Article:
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Design Principles of Large Cation Incorporation in Halide Perovskites

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journal contribution
submitted on 2024-05-08, 05:25 and posted on 2024-05-08, 05:26 authored by Heesoo Park, Syam Kumar, Sanjay Chawla, Fedwa El-Mellouhi

Perovskites have stood out as excellent photoactive materials with high efficiencies and stabilities, achieved via cation mixing techniques. Overcoming challenges to the stabilization of Perovskite solar cells calls for the development of design principles of large cation incorporation in halide perovskite to accelerate the discovery of optimal stable compositions. Large fluorinated organic cations incorporation is an attractive method for enhancing the intrinsic stability of halide perovskites due to their high dipole moment and moisture-resistant nature. However, a fluorinated cation has a larger ionic size than its non-fluorinated counterpart, falling within the upper boundary of the mixed-cation incorporation. Here, we report on the intrinsic stability of mixed Methylammonium (MA) lead halides at different concentrations of large cation incorporation, namely, ehtylammonium (EA; [CH3CH2NH3]+) and 2-fluoroethylammonium (FEA; [CH2FCH2NH3]+). Density functional theory (DFT) calculations of the enthalpy of the mixing and analysis of the perovskite structural features enable us to narrow down the compositional search domain for EA and FEA cations around concentrations that preserve the perovskite structure while pointing towards the maximal stability. This work paves the way to developing design principles of a large cation mixture guided by data analysis of DFT data. Finally, we present the automated search of the minimum enthalpy of mixing by implementing Bayesian optimization over the compositional search domain. We introduce and validate an automated workflow designed to accelerate the compositional search, enabling researchers to cut down the computational expense and bias to search for optimal compositions.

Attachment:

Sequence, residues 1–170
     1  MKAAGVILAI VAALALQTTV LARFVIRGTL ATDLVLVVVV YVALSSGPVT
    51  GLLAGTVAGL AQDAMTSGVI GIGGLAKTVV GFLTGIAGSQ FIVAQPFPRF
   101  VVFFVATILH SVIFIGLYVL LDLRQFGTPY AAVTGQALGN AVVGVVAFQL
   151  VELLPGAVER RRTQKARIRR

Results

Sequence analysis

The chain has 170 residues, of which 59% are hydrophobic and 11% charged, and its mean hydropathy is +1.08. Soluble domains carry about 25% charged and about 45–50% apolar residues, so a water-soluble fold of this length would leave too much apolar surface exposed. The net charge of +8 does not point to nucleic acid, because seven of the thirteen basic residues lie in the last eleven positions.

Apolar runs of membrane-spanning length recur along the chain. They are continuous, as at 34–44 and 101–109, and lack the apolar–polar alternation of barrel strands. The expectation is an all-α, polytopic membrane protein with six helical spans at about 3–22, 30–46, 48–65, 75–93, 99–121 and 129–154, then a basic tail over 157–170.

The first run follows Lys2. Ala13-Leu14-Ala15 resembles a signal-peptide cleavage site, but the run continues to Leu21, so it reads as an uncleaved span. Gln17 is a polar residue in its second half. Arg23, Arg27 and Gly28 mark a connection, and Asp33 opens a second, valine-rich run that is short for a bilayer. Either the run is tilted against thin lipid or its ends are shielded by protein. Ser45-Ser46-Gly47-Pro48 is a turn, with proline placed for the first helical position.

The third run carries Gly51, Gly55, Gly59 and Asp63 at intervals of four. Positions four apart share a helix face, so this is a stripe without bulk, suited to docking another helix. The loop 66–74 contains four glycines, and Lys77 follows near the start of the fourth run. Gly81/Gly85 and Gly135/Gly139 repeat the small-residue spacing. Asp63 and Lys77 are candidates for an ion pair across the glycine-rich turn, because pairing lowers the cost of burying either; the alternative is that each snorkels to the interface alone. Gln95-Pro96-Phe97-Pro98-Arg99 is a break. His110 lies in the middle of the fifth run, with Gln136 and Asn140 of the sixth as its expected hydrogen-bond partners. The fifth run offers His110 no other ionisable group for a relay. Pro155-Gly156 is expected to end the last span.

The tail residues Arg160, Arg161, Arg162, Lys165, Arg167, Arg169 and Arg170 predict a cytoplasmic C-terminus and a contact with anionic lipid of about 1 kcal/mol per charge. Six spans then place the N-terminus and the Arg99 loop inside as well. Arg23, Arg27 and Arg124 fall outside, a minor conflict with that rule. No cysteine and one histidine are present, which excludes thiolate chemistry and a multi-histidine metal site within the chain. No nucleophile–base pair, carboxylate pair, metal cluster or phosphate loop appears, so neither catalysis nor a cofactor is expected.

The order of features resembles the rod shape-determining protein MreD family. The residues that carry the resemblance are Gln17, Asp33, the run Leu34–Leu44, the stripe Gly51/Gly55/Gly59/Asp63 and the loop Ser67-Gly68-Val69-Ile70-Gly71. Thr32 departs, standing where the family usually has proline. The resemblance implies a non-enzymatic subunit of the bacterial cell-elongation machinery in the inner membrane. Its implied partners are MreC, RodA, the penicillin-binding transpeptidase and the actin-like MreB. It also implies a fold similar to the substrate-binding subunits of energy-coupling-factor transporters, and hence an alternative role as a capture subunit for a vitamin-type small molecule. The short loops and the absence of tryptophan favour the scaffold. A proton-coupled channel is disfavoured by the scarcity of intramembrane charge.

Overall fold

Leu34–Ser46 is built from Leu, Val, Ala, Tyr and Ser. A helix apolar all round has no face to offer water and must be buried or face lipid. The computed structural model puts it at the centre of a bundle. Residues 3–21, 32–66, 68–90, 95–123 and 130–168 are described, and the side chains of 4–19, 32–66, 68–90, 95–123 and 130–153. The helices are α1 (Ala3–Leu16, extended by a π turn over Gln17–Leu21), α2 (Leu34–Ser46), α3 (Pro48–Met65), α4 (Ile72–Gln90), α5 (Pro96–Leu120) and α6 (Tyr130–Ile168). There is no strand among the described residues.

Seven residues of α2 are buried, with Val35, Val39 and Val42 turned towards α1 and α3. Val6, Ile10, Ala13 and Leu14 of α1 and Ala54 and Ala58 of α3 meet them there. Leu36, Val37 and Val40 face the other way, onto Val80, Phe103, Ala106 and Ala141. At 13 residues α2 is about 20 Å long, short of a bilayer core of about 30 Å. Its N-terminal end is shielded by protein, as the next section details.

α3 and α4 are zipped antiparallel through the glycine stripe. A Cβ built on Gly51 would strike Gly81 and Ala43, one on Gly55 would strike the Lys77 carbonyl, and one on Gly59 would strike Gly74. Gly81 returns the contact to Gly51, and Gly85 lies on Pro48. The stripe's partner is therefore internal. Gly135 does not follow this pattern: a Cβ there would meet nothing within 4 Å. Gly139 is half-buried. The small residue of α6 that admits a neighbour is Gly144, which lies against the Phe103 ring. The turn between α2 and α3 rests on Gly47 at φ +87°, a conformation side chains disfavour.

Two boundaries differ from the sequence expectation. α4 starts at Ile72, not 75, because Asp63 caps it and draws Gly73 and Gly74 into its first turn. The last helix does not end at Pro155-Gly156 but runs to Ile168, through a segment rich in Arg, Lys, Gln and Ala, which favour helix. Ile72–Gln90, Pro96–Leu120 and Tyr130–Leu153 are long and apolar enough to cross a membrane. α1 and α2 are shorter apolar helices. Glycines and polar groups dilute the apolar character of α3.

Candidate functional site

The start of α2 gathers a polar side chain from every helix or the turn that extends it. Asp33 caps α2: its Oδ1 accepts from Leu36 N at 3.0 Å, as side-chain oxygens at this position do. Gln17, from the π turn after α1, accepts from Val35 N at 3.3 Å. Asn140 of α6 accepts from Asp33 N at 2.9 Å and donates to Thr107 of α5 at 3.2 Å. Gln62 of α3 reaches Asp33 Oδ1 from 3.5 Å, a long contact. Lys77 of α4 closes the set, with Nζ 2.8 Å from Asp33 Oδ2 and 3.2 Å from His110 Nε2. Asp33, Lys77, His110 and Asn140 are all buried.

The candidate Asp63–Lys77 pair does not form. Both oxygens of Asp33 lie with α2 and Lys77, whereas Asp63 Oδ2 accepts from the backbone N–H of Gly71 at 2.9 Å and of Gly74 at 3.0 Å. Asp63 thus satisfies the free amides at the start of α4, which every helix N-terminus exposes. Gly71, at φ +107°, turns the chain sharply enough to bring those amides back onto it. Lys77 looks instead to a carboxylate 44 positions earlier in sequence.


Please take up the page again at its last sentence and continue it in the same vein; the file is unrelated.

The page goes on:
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Published in: Molecules
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  • English



Publication Year

  • 2021

License statement

This Item is licensed under the Creative Commons Attribution 4.0 International License.

Institution affiliated with

  • Hamad Bin Khalifa University
  • Qatar Environment and Energy Research Institute - HBKU
  • Qatar Computing Research Institute - HBKU